Review: Jimmy Eat World – Surviving

At least on the surface level, the title for Jimmy Eat World ‘s 10th full-length album feels like a proclamation. Surviving. Not many bands know quite as much about surviving as Jimmy Eat World. They’ve weathered a lot over the years: getting dropped by their first major label; being (incorrectly) considered a one-hit wonder by many; being a part of a genre and a music scene that most critics have always written off; touring with Third Eye Blind, apparently. Perhaps the most impressive thing they’ve survived is time. When I first started seriously listening to Jimmy Eat World, they’d been a band for ten years and were about to release the follow-up to their breakthrough LP. Fast-forward a decade and a half, and the band is celebrating 25 years and ten albums. They’ve kept the same four-person lineup since 1995 and have released a new album, like clockwork, every three years since 2001. And they remain as beloved today as they ever have been—a go-to “favorite band” for seemingly every person who follows them.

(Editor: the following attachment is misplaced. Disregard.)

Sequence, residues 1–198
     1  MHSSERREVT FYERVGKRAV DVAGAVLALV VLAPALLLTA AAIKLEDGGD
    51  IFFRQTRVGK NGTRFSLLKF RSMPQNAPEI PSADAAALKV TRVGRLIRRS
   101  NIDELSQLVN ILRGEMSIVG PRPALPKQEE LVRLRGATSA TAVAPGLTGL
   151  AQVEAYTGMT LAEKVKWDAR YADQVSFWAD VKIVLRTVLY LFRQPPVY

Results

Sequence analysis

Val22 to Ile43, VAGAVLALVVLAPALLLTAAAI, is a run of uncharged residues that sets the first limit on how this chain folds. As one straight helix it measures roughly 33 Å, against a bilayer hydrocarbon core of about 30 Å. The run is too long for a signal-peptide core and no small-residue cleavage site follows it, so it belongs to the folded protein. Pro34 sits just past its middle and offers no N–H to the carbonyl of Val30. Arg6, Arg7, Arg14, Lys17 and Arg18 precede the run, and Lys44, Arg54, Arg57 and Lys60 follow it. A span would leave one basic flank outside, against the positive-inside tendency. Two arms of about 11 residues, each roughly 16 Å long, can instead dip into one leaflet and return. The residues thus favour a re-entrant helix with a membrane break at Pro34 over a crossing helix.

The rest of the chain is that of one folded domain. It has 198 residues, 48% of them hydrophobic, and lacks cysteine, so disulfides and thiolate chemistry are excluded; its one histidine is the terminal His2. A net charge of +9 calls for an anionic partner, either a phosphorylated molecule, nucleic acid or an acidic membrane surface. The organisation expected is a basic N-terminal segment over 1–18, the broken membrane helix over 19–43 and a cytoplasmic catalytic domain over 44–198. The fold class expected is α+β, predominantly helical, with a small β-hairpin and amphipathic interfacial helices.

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I don’t think anybody had that kind of scope, at the time, to be able to know something big was happening. We would drive down to Florida for shows, and the band that would open was New Found Glory. Then you became friends, and the next time you went down there, you’d meet their friends — like Dashboard Confessional. And when you went out to the Midwest you’d be on a bill with Alkaline Trio, then you’d join them on tour with Face to Face. There never was a focus on the finish line, or mainstream success. The reason the emo and pop-punk world thrived is that it was real people doing things that they loved, and telling their friends.

Jimmy Eat World Interview with Billboard

Jim Adkins of Jimmy Eat World talked with Billboard about their upcoming album:

On the acoustic part of the intro to [Surviving] song “One Mil,” I really wanted something spontaneous that wasn’t your typical studio setup. I went into the garage of our studio, set my phone down, did the part, and when I dumped it into the session, it sounded really good. The microphone on your phone is probably $300 or more — the research and cost is insane. I had to mess it up after I dumped it in, because it sounded too good.

So when Davey [Havok] was stressing about getting to a studio I was like, “No, no, no. Put headphones on, set your phone down, sing it, and just send that to me.” That’s what he did and that’s what’s on the record… I can totally see how there are Soundcloud rappers who have never seen an XLR cable, pumping out platinum hits now.